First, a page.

Pelosi endorses openly trans military service - Good for her!

 Flip Benham Crashes Gay Weddings In North Carolina - I feel sorry for this fool if he ever tried to crash my wedding. The thought of what my mother alone would do to him scares the heck out of me.  

GOP Attorney General Says It Is ‘Unethical’ To Keep Fighting Marriage Equality In Court - Like I say, "give it up, turn it loose."

Family Research Council's attack on Politifact backfires

A week ago, Family Research Council president Tony Perkins had a terrible debate performance on Fox News. He was debating former Solicitor General Ted Olson and was reduced to repeating jaded talking points about how the "best place to raise a child is in a home with a mother and a father."

On that same day, Politifact rebuked Perkins for this claim, rating it as false.

Naturally, you really don't think that FRC would take that lying down? Recently, another FRC spokesman, Peter Sprigg posted a piece on the organization's webpage which supposedly calls into question Politifact's claim. In doing so, he cites a bunch of study which supposedly back up Perkins' claim:

Within hours, the “fact-checking” website PolitiFact posted an analysis of the statement—and rated it “False.”

Unfortunately, the PolitiFact article itself gets a failing grade.

That is, unless they think the non-partisan, non-profit research group Child Trends was also telling a “falsehood” when they reported, “An extensive body of research tells us that children do best when they grow up with both biological parents in a low-conflict marriage.”

Sprigg is being deceptive about the Child Trends study, just as he was in 2011 when he cited it to make the same point. I know this for a fact because back then, I pointed out:

The Child Trends study - was published in 2002.  And it never even addressed same-sex households.

Sprigg cites a lot of other studies, but based on the deception he uses with regards to the Child Trends study, one has to wonder if those citations are accurate.

Then he really steps into the puddle of inaccuracy:

 . . . the New Family Structures Study spearheaded by sociologist Mark Regnerus resulted in dramatic (and statistically powerful) results demonstrating the strong advantage held by the “intact biological family” over numerous other family forms. However—as Regnerus made clear from the beginning—even his comparison with “gay fathers” or “lesbian mothers” was only based on the adult respondents having said that at some point between birth and age 18, their father or mother had a same-sex romantic relationship. It was not a comparison with children raised by same-sex couples living and raising the children together (of which very few could be found, even in Regnerus’ large sample).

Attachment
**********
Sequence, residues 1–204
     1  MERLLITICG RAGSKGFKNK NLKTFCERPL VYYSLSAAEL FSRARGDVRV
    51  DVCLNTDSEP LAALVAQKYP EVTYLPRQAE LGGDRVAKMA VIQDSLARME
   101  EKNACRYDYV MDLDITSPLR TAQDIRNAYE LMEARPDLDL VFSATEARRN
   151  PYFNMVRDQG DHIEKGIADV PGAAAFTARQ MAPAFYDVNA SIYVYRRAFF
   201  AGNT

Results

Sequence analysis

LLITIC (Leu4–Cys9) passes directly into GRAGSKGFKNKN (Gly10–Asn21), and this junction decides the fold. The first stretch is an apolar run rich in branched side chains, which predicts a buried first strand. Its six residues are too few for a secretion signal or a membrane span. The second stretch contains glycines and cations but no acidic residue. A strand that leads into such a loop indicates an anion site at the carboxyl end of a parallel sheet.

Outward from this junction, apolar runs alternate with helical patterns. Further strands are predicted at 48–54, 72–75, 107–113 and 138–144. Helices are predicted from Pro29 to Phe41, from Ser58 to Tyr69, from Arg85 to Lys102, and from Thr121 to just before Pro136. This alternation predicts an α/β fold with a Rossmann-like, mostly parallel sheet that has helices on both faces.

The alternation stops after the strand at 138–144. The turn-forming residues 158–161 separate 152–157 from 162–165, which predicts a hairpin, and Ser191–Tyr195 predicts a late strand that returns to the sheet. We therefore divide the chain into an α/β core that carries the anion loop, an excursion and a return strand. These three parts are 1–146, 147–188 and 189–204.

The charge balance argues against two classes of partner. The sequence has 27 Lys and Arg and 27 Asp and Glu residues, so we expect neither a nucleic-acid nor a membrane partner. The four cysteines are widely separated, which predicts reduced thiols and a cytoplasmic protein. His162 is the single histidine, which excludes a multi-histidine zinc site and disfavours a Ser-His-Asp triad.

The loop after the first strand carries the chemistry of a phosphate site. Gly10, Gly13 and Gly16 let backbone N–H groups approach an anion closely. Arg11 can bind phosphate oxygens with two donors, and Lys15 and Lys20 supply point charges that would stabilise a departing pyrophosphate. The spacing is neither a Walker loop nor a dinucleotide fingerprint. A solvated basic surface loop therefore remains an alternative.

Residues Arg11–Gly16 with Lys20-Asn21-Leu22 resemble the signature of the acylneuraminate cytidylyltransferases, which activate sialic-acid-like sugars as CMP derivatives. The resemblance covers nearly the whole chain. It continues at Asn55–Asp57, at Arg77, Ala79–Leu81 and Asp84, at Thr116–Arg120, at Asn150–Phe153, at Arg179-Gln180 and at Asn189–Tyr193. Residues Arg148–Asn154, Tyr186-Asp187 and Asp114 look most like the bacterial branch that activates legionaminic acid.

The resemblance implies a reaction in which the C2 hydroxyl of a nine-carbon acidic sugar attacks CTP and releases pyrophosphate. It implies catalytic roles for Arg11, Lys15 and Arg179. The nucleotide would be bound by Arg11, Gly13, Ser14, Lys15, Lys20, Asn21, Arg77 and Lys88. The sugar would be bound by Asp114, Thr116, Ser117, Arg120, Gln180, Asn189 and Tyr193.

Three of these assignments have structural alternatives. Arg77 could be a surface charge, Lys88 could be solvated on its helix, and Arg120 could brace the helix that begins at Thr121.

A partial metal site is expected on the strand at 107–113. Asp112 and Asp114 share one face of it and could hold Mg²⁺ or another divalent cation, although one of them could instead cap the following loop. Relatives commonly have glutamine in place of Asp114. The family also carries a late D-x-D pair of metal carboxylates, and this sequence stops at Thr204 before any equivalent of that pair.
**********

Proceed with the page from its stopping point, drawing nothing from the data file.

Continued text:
A key illustration of how the PolitiFact article lacked objectivity is that its description of the Regnerus research sounds as though it were simply cut and pasted from the talking points of “gay” bloggers. It is true that his research was sharply criticized in a variety of quarters—that is to be expected, given that academia is now dominated by liberal elites who are unwilling to tolerate the slightest dissent from the pro-homosexual orthodoxy. It is also true that among his fellow sociologists who distanced themselves from the study were members of the sociology department at his own university, the University of Texas.

To put it more accurately than Sprigg, Regnerus' study was rebuked by over 200 researchers, the sociology department of his own university, and finally a Michigan federal judge, Bernard Friedman. Earlier this year, Friedman not only struck down a law barring marriage equality in Michigan, but he was especially brutal to Regnerus's study and to Regnerus himself:

"The Court finds Regnerus's testimony entirely unbelievable and not worthy of serious consideration. The evidence adduced at trial demonstrated that his 2012 'study' was hastily concocted at the behest of a third-party funder, which found it 'essential that the necessary data be gathered to settle the question in the forum of public debate about what kinds of family arrangement are best for society' and which 'was confident that the traditional understanding of marriage will be vindicated by this study.' ... While Regnerus maintained that the funding source did not affect his impartiality as a researcher, the Court finds this testimony unbelievable. The funder clearly wanted a certain result, and Regnerus obliged."

If you ask me, Sprigg and FRC should have left well enough alone. Not only have they reminded folks of Perkins' sad debate performance, but their pathetic attempt to refute Politifact underscores just how they are willing to go to deceive . . . and all in the name of God.